Low volume products (LVP) have extra challenges that have to be addressed to make the product successful. In this article we will look at the major issues associated with LVPs.
To qualify as an LVP depends on the product involved. An annual production of 1,000 cars for specific model would no doubt be considered a LVP. An annual production of 100 oil tankers of the same design would be considered a high volume product (HVP). There are a large number of products that probably fall somewhere between a LVP and HVP.
Some of the issues with LVPs are:
- Tooling costs.
- Supply chain limitations.
- Limitations on product testing.
- Assembly methods will likely be different than high volume production.
Normally you don’t have the luxury of spending a million dollars on a set of stamping dies and then buying another set when the first ones didn’t work out. A high volume business could easily amortize this cost over the production of 200,000 units, but not 200 units. Spending $20,000 on a rotational molding mold when you are buying $2,000/year of parts from that mold most likely isn’t feasible. Instead of molded plastic covers, you may be forced to use fabricated metal covers or no covers at all.
When tooling cost isn’t an issue, the designer has a much easier job.
Assembly Methods Different Than HVP
This is related to the tooling cost issue discussed above. Your product assembly area may not have highly specialized assembly tools, fixtures, etc that would permit the use of high speed fasteners for example. You would then be forced to use regular nuts and bolts as fasteners which will increase assembly time.
Another example is when designing sheet metal parts. If you have access to a laser and some specialized press brake dies you could design slot and tabs to fasten parts together. If you have to constrain your design to parts that can only be sheared and punched, you will have to use fasteners which will increase part count and assembly time.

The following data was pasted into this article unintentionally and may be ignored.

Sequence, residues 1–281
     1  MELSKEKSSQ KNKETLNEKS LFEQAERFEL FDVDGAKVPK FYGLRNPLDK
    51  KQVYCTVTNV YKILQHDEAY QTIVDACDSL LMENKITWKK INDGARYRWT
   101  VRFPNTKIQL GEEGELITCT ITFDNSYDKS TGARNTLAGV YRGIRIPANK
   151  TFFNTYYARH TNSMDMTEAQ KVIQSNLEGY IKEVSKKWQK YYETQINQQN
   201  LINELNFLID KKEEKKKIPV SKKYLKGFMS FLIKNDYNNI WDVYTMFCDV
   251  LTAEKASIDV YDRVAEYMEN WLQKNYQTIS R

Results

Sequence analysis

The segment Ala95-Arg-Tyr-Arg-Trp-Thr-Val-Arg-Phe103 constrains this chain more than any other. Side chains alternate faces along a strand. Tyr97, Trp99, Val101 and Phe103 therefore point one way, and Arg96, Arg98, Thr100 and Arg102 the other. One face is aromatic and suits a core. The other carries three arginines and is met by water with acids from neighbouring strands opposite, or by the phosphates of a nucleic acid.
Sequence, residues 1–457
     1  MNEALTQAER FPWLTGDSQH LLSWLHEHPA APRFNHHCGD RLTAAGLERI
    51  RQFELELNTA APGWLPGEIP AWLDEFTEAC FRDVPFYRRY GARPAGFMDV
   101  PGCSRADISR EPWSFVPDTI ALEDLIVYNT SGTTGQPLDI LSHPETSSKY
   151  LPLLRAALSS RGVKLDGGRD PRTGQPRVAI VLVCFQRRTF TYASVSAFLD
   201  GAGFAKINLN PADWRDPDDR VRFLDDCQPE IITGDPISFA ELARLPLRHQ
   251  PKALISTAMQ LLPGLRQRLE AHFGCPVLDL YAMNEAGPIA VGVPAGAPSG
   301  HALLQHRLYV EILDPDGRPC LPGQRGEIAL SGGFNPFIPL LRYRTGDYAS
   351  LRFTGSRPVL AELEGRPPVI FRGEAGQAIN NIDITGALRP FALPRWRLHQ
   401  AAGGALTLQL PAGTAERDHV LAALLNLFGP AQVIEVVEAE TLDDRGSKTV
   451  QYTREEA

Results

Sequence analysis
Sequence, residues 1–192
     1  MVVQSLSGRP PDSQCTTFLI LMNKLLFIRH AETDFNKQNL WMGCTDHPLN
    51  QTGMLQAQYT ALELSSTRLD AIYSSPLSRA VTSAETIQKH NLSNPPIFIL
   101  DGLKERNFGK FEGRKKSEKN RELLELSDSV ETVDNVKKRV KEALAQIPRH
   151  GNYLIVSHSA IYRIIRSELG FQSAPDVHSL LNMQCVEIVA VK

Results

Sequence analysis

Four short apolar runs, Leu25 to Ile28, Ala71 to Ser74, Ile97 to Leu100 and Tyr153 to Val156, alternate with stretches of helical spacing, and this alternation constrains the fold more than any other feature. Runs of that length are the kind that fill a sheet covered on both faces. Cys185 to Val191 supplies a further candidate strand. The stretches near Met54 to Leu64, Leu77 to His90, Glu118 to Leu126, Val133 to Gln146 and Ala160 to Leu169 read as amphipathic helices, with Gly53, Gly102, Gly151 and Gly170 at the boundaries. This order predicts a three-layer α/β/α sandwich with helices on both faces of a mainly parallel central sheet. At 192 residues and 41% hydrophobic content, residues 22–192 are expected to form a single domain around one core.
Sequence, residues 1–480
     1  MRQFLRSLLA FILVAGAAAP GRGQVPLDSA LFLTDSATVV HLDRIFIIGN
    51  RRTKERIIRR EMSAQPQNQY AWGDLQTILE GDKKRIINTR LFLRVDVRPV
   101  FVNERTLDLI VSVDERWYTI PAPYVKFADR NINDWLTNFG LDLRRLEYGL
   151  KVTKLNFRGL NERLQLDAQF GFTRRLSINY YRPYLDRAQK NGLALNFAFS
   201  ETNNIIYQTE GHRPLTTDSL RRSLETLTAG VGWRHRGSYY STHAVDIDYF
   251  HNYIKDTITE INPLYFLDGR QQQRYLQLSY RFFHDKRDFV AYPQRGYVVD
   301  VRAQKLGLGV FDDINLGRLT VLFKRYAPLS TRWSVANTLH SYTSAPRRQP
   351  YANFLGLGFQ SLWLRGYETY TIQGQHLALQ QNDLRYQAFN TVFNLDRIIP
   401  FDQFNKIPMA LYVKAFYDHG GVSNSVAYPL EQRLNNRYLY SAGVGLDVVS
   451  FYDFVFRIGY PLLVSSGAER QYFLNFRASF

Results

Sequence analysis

Of course you could argue that if your factory doesn’t have the necessary tools you could always outsource the parts. This may work in some cases, but there is the trade-off of a higher part cost vs. in-house labor.
Supply Chain Limitations
Obviously when you are buying low quantities of parts, prices breaks will be a problem. It’s tempting to buy offshore to compensate, but as we will see in a later chapter other problems will negate any cost savings.
Just-In-Time inventory and lean manufacturing practices are intended to reduce the carrying costs of inventory. High volume production makes this task easier. When buying parts from an outside vendor, you may bring in one day’s supply at a time. When one day’s production is 1,000 parts such as windshield wiper arms, this can make be done. When a day’s supply is two gearbox mounting brackets it becomes difficult to get the supplier to send a truck to your factory every day.
When you are trying to reduce internally produced parts inventory there is always the trade-off between inventory carrying costs and increased set-up costs for low volume production runs.
Limitations on Product Testing
In a perfect world, we would have unlimited testing budgets. In reality, and especially LVP, this is far from the case. In some specialized one-off or very low volume products, testing may account for a great deal of final cost, say 50%. In most LVP cases this would be impossible to produce a competitive product or even one that someone would want to buy.
When testing is limited, the design engineer is faced with over-designing parts and using conservative, proven designs. While recycling designs is good practice, it does limit innovation and moving new designs along the evolutionary time line.